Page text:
A second and individually taken security approach by most companies located in the area focuses on the employment of a comparatively small amount of inhabitants from surrounding shanty towns for lower skilled work assignments. Due to the fear of potentially falling victim to planned robberies by local people, a major concern of social project representatives and Favela administrations constantly revealed during my research was that slum inhabitants are being stigmatized as a major risk factor to business continuity. Among others, this ‘profile-based exclusion’ (Shearing et al. 2000: 88) represents a continuation of Lemgruber’s analysis according to which shanty town populations are undergoing a learning process of widely being considered a potential threat and excluded from the Brazilian society due to their place of residence (Lemgruber 2003: 55). Members of social projects and Favela administrations uphold the complaint that workers from other parts of Rio were employed and brought to work in the area instead of creating close relations with local communities. As proven in other parts of Rio however, the employment of local people from and financial investments in neighbouring shanty towns has largely improved the security situation and lowered the costs of private security.
A third pillar refers to a collective attempt by the local industries to govern through crime. Brazil’s biggest TV station (whose production studios are located in the area) as well as pharmaceutical companies initiated a concerted monthly security meeting. Under the auspices of the local association of commerce (ACIJA), the companies’ security managers, all branches of the local police, the fire and sanitarian department get together in order to negotiate measures to reduce the risk of falling victim to crimes. Considering the lack of resources by the police forces in Rio, local companies provide the police a certain amount of money to help with car acquirement and maintenance. In exchange of resources between companies and the police, the industries upgrade their own sphere of influence in the local security governance structure by primarily determining the discourse about necessary improvements within the meetings. On the other hand, interviews with company risk managers have also proven the transfer of money contributed by the companies to ACIJA via so called security consulting companies to local milícias. The relatively new phenomenon of milícias represents one of fundamental changes in the organisational principles of Rio’s urban governability. These paramilitary organized groups primarily consist of off-duty policemen and fire-fighters. While actively fighting drug dealers and keeping the streets around company and residential areas free from robbers if being paid to do so, militias continue to occupy local shanty towns previously dominated by one of Rio’s drug factions. However, considering that 65 percent of the City’s urban areas today occupied by militias have not formally been under the control of other oppressive forces, milícias have established themselves as the biggest contractors for illegal private security in the City of Rio de Janeiro. Similar to shanty towns dominated by drug factions, milícias occupy and implement restrict codes of conducts within communities. Unlike drug factions however, milícias extort monthly security fees from every citizen and shop owner inside the slums. Furthermore, milítias control other financially lucrative sources. These groups illegally gained control over alternative means of public transportation, control the distribution of gas bottles, the reception and distribution of TV signals and started to run (child-) prostitution rings within the poor communities. However, in sharp contrast to drug factions, their sphere of influence is not limited to the local slums but unfolds over residential and commercial areas alike. The milítias’ involvement in the area’s real estate speculation turned into a highly profitable business (Freixo 2008). Even more disturbing, however, appears to be the close connection with politicians who use milícias in order to gain the votes of shanty town residents during state and federal elections. Furthermore, as milícias primarily consist of policemen, investigations by the police against their illegal actions remain rare despite the implementation of parliamentary commissions of inquiry and being a prime focus of news media coverage in Rio, today. As a result, militias have contributed to a politicaleconomic change of violence within Rio (Souza Alves 2008: 33). The neighbourhood of Jacarepaguá emerged as a stronghold of these paramilitary organized groups. Due to the active involvement of policemen and influential support from politicians, the sphere between public and illegal becomes increasingly blurred in Rio de Janeiro.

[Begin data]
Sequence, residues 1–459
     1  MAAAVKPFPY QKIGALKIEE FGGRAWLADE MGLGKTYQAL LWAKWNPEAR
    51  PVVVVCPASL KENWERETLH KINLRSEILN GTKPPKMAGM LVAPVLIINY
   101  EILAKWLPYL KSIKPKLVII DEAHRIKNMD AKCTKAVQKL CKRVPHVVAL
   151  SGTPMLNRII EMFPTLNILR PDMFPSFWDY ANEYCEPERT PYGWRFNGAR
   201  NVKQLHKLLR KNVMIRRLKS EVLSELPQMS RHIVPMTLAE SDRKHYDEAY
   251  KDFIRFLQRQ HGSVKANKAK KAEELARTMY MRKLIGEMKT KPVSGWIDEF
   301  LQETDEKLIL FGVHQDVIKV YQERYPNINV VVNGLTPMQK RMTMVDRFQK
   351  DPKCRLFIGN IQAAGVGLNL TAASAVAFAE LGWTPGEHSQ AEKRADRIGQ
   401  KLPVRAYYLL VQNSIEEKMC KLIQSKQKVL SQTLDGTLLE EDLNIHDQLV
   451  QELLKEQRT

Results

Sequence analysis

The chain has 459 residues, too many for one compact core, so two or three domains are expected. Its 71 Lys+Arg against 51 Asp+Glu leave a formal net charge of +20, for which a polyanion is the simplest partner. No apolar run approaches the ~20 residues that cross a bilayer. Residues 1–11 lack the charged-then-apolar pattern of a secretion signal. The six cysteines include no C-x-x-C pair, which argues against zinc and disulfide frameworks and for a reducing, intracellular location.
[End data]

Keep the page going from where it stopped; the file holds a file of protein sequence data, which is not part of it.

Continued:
Companies represent the biggest single financial contributors to milícias in Jacarepaguá. As robberies inside company facilities, attacks on workers and company vehicles have dropped tremendously, some company security personnel emphasised satisfaction about the milícias existence. However, the financing of militias strongly contributes to their growing power and influence within the region. Considering Rio’s economic downturn over the last decades, keeping companies in Rio appears to be the prime concern of the state government and the police officials. Through their actions, companies do not only ignore international codes of conducts and principles of the UN Global Compact when it comes to generating their own security. As I will show elsewhere (forthcoming dissertation) the Corporate Social Responsibility (CSR) methods offered by the local industries are inappropriate to enhance the strongly needed citizenship building and the creation of human security within the area. While security is more and more becoming a private and tailor-made service available to those capable to afford it, shanty town inhabitants on the other side of the company walls are increasingly suffering from the repressive methods installed by local milítias. Under the given circumstances, those historically excluded from most spheres of the Brazilian society are once again suffering the most from the demonstrated patterns of generating security by globally operating private international actors.
1 Under the given and highly inefficient public security structure, the provision of private security has turned into one of the City’s fastest growing service sectors. Between 2002 and 2007, private enterprises located in the State of Rio de Janeiro alone spent officially 11, 96 Billion Dollars (28,7 Billion Brazilian R$) on private security (Fécomercio-RJ 04/08).